Nigerian cybercrime bill allowing wire tapping without court leave

Nigerian president has sent a bill to parliament allowing security agencies to seize record of such conversations from service providers with or without a court leave.

Nigerian cybercrime bill allowing wire tapping without court leave
World Bulletin / News Desk

Nigerian President Goodluck Johnathan has sent a bill to parliament empowering security agencies to intercept, record and listen to communications they believe are suspicious and injurious to national security.
 
The bill, titled Cyber Crime Bill of 2013, allows security agencies to seize record of such conversations from service providers with or without a court leave, especially if they are required for criminal investigation.

The bill, a copy of which was seen by Anadolu Agency on Wednesday, covers all electronic communications such as individual or corporate emails, short messaging service, fax, telephone conversations, voice mails, instant messages, blackberry messenger and others.

Under the bill, a service provider could be directed to spy on individuals and turn in whatever data generated to the government.

Security agencies may order internet service providers or telecom companies to "preserve, hold or retain any traffic data, subscriber information or related content," according to section 21 of the bill.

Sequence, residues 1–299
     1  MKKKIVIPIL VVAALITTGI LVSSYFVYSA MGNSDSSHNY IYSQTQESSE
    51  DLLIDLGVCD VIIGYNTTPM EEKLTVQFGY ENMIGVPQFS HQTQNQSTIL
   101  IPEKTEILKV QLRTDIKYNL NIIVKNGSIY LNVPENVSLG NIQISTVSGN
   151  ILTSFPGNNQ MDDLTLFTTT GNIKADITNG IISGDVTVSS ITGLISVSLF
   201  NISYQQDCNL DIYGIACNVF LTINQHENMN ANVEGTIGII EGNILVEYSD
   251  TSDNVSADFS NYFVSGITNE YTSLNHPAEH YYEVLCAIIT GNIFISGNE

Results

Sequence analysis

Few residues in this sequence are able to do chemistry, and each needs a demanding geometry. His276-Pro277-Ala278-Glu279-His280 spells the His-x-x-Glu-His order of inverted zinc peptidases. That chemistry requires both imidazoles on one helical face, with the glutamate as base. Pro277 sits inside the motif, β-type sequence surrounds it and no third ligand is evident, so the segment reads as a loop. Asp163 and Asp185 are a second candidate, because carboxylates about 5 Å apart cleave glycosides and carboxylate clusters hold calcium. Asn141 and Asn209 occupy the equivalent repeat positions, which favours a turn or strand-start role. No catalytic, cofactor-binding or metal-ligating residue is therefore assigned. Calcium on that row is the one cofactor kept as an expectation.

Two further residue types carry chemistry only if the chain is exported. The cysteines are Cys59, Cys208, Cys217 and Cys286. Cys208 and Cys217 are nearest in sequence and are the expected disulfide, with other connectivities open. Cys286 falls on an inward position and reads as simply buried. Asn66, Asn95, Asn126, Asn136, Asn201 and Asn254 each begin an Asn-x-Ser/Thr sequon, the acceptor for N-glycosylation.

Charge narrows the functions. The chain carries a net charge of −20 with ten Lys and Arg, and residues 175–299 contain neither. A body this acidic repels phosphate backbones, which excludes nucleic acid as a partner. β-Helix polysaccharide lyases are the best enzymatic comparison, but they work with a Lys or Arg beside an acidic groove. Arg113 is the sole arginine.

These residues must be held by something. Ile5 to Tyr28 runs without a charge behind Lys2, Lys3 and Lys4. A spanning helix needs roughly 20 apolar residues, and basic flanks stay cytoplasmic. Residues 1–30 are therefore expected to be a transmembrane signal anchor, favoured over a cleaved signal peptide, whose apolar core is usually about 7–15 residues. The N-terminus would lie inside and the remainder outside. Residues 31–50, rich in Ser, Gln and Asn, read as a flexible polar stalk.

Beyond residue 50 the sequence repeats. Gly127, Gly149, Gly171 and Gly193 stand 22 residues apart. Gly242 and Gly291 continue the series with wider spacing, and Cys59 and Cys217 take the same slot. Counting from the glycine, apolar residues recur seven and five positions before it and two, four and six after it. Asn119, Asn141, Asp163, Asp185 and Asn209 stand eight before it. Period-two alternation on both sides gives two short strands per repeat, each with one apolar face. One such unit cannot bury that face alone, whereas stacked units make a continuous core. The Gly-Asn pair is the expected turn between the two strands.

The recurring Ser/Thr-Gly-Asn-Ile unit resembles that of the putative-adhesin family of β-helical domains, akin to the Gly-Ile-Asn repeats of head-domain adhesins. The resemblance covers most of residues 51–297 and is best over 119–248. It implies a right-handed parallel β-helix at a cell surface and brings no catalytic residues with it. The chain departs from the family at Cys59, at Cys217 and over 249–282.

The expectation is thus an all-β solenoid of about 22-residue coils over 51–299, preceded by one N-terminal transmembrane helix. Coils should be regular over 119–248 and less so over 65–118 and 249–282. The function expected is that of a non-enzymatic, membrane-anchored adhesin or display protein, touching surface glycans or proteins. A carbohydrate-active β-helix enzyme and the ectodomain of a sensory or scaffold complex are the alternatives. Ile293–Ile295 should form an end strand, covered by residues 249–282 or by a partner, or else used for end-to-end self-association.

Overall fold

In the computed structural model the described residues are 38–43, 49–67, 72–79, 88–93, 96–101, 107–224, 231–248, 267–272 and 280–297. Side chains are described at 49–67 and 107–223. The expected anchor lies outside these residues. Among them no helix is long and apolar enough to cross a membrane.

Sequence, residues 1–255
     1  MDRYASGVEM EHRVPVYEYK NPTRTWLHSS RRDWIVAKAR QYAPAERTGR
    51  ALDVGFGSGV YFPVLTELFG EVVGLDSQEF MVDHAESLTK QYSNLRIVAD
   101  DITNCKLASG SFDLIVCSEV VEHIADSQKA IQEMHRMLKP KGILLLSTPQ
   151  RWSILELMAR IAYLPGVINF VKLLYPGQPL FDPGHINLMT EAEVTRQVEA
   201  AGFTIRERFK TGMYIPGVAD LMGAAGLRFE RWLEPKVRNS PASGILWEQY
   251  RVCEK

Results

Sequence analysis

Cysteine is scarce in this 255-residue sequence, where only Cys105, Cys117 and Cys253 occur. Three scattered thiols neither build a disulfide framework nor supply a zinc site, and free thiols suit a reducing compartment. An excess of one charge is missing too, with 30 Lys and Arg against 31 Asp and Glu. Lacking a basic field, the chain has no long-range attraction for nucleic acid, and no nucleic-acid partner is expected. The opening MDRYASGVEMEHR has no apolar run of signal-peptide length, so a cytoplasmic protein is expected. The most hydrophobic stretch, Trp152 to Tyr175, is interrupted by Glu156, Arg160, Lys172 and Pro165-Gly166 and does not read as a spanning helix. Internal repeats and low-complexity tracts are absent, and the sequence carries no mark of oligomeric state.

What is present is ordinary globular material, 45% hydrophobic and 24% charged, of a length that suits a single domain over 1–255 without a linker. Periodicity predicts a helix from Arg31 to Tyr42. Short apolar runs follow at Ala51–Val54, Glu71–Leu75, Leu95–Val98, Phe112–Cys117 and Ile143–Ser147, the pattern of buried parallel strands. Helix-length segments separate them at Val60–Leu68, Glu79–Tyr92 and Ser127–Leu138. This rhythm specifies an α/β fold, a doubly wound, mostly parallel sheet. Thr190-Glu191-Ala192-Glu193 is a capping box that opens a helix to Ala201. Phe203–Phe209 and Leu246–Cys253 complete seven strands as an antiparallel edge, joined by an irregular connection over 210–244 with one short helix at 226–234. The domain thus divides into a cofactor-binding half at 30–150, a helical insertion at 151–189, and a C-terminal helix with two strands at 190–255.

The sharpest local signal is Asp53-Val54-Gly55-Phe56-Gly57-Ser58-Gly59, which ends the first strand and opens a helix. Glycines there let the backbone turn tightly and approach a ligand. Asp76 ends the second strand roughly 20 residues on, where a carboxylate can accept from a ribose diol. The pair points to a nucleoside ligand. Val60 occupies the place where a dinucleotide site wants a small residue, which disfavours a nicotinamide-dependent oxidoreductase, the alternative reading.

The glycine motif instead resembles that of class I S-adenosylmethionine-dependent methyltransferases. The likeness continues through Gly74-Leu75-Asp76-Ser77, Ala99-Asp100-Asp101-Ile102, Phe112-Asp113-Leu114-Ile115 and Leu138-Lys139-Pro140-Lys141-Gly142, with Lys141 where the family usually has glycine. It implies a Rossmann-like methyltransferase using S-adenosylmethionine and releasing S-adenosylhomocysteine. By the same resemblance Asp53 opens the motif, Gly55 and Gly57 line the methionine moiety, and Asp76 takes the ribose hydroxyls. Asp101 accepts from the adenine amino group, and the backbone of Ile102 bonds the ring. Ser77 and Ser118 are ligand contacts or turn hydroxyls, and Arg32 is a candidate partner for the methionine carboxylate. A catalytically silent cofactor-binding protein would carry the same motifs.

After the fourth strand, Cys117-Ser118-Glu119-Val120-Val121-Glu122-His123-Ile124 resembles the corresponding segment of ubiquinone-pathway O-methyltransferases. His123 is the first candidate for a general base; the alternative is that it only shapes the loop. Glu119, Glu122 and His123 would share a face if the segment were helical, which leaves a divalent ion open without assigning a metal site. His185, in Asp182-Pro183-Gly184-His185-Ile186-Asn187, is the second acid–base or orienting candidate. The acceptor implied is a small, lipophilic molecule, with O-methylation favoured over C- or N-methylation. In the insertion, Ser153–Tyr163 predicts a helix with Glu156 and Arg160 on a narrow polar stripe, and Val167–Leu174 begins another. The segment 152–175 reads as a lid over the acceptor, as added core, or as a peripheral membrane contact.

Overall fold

A defaulting service provider, the bill recommends, is liable to N10 million fine, and its directors, managers or officers are each liable for three years jail term, N7 million fine or both.

The bill also criminalizes and prescribes varying jail terms or fines for transmitting false electronic messages, child pornography, paedophilia and cyber-terrorism.

It prescribes death sentence for anybody who commits crime against Critical National Information Infrastructure, defined as "certain computer systems, networks and information infrastructure vital to the national security of Nigeria or the economy and social well-being of its citizens."

The bill comes almost a year after the Nigerian government allegedly signed a $40m contract with an Israeli security firm, Elbit System, to provide equipment capable of monitoring internet communications of its system.

Nigeria denied signing any such contract at the time but local media countered with proofs of such contract.

It is doubtful this bill would survive opposition in the parliament given possible suspicions it could be used to glean high-value information from the opposition's camp as Nigeria heads to an all-important general election in February of 2015.
Last Mod: 29 Ocak 2014, 13:07
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